If you find a spare 20 minutes in the near future and you find food, or at least food ethics, interesting, watch this TED talk. It's about award-winning foie gras being made in Spain that doesn't involve force feeding of the geese.
I've been considering starting up a small-scale pastured poultry farm for years. I even have the journal I made sometime around 8th or 9th grade that details my more youthful versions of the plan. For the past year or so, I've tossed around the idea of producing humane foie gras, even though I've never had the stuff. I just know that conventional duck liver is some damn tasty stuff and I like goose meat.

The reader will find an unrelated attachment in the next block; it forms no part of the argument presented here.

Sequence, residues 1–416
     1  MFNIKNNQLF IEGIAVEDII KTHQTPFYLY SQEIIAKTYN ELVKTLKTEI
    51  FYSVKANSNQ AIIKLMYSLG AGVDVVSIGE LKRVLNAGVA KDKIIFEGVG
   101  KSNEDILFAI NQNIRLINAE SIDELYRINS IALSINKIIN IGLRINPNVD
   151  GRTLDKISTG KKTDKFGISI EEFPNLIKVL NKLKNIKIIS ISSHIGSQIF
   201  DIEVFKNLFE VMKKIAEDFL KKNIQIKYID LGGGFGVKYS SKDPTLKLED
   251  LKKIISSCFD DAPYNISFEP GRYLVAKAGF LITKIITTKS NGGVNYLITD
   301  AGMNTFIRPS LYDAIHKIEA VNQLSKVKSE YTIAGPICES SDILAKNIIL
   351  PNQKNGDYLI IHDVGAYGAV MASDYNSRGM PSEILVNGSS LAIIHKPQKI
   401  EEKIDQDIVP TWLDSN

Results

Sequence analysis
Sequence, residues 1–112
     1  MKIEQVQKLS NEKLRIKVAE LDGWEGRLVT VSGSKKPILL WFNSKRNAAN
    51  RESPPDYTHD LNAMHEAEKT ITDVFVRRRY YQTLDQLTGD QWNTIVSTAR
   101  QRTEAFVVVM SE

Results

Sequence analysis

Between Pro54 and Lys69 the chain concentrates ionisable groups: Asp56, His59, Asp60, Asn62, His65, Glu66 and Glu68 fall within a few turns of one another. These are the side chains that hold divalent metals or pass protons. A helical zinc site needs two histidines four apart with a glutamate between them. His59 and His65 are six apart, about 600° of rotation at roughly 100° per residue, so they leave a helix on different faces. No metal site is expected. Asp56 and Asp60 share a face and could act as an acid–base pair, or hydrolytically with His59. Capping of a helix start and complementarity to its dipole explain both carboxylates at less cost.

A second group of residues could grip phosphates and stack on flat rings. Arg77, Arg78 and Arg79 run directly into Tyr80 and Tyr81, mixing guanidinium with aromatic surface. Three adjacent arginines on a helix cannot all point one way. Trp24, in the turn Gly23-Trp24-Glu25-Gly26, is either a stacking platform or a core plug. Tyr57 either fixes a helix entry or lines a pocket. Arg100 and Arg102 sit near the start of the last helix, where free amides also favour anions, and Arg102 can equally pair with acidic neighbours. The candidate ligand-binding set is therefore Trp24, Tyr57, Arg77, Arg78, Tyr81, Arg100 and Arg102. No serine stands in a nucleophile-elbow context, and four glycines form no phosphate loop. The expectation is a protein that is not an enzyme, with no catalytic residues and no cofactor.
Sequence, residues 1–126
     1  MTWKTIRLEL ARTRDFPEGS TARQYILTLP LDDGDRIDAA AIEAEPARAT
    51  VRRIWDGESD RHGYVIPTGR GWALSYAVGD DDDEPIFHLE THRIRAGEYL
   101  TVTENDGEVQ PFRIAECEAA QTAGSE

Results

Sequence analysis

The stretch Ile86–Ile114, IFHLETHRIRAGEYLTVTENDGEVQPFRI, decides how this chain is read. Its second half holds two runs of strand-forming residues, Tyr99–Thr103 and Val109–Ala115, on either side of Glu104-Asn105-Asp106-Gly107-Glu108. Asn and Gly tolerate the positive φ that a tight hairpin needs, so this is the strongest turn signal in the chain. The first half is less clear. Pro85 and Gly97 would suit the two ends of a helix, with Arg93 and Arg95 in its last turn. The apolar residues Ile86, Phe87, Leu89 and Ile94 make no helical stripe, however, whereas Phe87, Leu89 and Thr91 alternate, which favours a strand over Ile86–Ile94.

This guy's story just proves that it's possible. Not only possible, but possible to make top quality stuff, although instead of stealing figs and olives as they do on the Spanish farm discussed, my birds would have to settle for stealing figs and blueberries. I'm thinking of e-mailing the link for this talk to a guy I know in the restaurant biz to see if I can get his chef/partner's take on this idea.
Today's title is a quote taken from the end of the above video in which the speaker addresses the historical creation of foie gras. Seriously, the talk is nowhere near as boring as it sounds.